Source: Government of India
- I am happy to address the India-Greece Business Forum. First of all, I would like to thank Entreprise Greece for bringing us together this morning. I am happy that 30 companies from India, led by the Confederation of Indian Industry, the Federation of Indian Chambers of Commerce and Industry, the Maharashtra Chamber of Commerce, Industry & Agriculture and the Trade Promotion Council of India are participating in this business engagement.
- India and Greece are two ancient civilizations. Our economic, trade and cultural engagement go back over 2500 years. There was flourishing trade network between Greece and India as early as the 3rd century BC. With such rich history of engagement to inspire and build on, one cannot, perhaps, be more optimistic of the future of India-Greece trade and investment relations.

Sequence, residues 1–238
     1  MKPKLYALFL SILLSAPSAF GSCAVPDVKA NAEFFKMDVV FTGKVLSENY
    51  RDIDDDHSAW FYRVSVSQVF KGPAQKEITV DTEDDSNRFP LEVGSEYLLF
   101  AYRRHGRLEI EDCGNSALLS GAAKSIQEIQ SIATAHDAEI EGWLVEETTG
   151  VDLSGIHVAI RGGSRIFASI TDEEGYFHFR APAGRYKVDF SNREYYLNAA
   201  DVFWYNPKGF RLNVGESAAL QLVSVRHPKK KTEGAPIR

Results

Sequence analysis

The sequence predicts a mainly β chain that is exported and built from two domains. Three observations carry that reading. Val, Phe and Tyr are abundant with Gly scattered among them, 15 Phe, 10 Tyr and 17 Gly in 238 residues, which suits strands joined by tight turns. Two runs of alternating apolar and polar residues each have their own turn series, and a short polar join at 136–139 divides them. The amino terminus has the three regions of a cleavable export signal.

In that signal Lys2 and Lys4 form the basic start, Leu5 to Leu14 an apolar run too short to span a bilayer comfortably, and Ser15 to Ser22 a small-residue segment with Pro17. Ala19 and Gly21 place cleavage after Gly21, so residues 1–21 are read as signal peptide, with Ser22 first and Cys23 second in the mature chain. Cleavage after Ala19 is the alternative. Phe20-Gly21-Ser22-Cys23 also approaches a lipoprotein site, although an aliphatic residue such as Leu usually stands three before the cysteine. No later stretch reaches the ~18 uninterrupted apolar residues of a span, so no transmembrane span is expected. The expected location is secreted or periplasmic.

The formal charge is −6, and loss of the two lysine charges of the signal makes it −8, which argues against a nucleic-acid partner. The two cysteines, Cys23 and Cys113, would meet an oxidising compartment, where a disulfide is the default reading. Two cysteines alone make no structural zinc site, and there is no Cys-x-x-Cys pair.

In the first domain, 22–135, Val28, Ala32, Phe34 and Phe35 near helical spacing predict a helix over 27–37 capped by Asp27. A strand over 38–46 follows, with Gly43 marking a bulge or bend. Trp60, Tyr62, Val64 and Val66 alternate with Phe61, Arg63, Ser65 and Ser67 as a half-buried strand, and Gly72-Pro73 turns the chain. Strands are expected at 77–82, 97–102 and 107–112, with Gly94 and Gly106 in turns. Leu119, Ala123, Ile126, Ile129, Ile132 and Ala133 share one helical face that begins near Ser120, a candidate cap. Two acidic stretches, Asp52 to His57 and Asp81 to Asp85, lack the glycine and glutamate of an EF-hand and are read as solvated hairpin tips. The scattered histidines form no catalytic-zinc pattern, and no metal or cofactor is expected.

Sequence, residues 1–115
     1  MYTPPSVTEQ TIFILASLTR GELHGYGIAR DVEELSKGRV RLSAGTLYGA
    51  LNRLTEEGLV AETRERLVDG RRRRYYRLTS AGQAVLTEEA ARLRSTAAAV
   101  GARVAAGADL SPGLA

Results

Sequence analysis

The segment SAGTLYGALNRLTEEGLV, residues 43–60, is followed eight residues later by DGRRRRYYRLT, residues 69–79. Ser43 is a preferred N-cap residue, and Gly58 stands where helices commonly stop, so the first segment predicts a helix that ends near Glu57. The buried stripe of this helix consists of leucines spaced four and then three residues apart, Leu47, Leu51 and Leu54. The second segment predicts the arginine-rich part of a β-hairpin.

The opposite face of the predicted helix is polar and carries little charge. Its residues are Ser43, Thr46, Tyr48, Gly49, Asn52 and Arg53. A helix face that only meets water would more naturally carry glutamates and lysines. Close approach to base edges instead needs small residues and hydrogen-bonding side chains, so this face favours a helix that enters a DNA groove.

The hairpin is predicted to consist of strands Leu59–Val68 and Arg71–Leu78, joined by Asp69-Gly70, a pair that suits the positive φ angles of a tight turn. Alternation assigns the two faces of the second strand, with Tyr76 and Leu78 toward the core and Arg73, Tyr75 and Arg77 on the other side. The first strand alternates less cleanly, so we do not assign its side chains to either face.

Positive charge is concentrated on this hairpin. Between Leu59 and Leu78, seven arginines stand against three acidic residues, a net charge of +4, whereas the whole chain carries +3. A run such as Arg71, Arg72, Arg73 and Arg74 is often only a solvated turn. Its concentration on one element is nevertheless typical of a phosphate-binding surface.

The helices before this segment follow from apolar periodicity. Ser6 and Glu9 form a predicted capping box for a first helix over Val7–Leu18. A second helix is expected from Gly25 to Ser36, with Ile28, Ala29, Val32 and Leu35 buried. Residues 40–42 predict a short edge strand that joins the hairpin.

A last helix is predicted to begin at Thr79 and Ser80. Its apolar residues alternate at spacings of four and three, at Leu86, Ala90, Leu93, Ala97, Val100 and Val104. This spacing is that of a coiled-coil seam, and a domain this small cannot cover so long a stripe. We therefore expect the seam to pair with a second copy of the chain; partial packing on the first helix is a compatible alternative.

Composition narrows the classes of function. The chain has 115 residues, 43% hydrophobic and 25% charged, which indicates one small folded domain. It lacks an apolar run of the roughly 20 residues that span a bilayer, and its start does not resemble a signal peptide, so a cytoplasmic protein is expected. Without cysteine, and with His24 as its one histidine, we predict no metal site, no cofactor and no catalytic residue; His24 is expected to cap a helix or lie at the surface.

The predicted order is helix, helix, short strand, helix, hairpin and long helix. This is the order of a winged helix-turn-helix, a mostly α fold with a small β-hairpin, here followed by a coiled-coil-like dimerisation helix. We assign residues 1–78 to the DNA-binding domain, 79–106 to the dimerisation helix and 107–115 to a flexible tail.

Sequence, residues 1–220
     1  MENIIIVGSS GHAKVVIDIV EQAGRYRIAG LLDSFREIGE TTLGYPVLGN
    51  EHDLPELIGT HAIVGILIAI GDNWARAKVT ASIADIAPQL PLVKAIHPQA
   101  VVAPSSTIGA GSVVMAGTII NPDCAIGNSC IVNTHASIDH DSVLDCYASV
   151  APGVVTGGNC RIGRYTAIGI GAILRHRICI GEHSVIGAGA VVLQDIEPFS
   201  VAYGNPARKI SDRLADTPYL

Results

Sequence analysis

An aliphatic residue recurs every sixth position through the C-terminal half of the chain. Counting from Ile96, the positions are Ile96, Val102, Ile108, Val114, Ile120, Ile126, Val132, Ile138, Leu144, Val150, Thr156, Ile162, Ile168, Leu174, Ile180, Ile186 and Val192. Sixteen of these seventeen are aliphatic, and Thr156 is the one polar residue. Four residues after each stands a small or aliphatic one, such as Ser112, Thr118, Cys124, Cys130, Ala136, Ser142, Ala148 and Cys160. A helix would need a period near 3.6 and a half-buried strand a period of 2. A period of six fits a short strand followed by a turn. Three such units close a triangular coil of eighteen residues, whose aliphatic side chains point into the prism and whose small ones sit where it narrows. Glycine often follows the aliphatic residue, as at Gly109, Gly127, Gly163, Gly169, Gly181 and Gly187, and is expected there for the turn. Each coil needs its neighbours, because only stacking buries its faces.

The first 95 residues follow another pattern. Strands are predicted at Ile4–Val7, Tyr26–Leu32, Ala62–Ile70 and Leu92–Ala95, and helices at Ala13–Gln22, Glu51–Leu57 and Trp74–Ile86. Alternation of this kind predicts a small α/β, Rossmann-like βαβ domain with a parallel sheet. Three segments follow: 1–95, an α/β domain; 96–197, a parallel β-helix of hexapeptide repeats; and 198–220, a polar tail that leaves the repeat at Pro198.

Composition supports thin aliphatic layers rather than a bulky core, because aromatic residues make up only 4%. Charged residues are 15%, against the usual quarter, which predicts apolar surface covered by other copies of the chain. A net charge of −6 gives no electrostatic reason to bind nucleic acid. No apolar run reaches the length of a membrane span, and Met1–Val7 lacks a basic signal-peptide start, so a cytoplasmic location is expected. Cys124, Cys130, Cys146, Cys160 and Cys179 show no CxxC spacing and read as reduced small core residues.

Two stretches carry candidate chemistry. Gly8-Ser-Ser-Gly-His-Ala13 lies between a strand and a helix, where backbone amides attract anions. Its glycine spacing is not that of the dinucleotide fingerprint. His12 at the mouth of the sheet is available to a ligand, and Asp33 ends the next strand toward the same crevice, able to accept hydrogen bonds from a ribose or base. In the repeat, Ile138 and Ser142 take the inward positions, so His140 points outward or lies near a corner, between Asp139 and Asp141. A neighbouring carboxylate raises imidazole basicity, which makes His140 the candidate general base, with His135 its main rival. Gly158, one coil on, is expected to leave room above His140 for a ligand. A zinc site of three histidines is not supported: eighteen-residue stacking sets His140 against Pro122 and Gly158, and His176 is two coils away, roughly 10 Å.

- Yesterday, I had meaningful discussions with President Pavlopoulus on the way forward for India-Greece relations. Both of us were convinced that there is immense potential to take India-Greece economic ties to a higher level. Similar sentiments were echoed in my interaction with Prime Minister Tsipras There are ample opportunities for our businesses to grow in the areas of trade, technology and investment.
- Our bilateral trade at US Dollars 530 million is way below what had been achieved in the past, and what possibly could be a reasonable target for the future. As per market survey, with some efforts this can easily be made to cross US Dollars 1 billion in the next few years. My Government is keen to take lead in this effort. We have accepted the Greek Government’s invitation to be the “Honoured Country” at the ThessalonikiInternational Fair, Greece’s flagship business event, to be held in September 2019. I hope this will give a major boost to our bilateral trade. And while the two Governments are taking lead, we would expect Chambers of Commerce, Export Promotion Councils and Industry Groups to participate in the Thessaloniki fair in large numbers and make our partcipation a grand success.